multiply matrices using erlang and mnesia

Ulf Wiger (AL/EAB) ulf.wiger@REDACTED
Fri Oct 21 09:42:54 CEST 2005

You could do it in a few different ways:

- Mnesia has an event mechanism. Each worker calls:

  mnesia:subscribe({table, Tab, simple}),

  and then receives messages of the following form:

  {mnesia_table_event, {write, NewRecord, ActivityId}}
  (the record tag is always set to the table name here)

- You can write a wrapper function that inserts the jobs
  in the table:

  Result = mnesia:activity(transaction, fun() ... end),
  tell_workers(Result, ...)

  Note that mnesia:activity() will EXIT upon abort, in
  case nothing got written.

- The 'rdbms' contrib has commit triggers. These will only
  fire if you actually use 'rdbms' as the activity module,
  though (this can be set as default in mnesia, but it 
  can also be over-ridden by the calling function.)

The subscribe function will of course always work. The 
other solutions can be bypassed by a rogue program.


> -----Original Message-----
> From: owner-erlang-questions@REDACTED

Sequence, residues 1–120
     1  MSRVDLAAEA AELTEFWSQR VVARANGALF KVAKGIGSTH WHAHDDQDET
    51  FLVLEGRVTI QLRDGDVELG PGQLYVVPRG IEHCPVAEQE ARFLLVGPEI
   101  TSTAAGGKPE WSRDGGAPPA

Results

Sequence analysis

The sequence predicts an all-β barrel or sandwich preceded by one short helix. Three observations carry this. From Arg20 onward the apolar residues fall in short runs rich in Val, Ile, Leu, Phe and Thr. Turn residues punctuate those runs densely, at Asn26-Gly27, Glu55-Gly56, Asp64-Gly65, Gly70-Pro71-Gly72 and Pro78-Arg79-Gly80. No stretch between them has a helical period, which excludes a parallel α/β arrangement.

> [mailto:owner-erlang-questions@REDACTED]On Behalf Of Chris Campbell
> Sent: den 21 oktober 2005 02:39
> To: erlang-questions@REDACTED
> Subject: multiply matrices using erlang and mnesia
> Hi,
> I'm playing with mnesia right now and am wondering the best way to
> solve this problem with it.  The idea is to multiply matrices by
> adding jobs of rows to complete to the database which workers will
> take on and complete, putting the resulting row back in the database
> for retrieval by the initiator.
> Putting work up is easy.  The trick is to get work out to the workers
> (really, letting them know a job has arrived) and let the process that
> posted the work know it's done.  What's the best way to go about this
> using mnesia?  It has pattern matching, which allows picking the
> correct entries but I'm not sure how to let the workers know about the
> job short of polling the db periodically for new jobs.
> The program is just a toy based on a lecture at uni on tuplespaces. 
> We went through an example use to multiply large matrices.  I want to
> adapt this to erlang and mnesia to see what it'd look like.
> Regards,
> Chris

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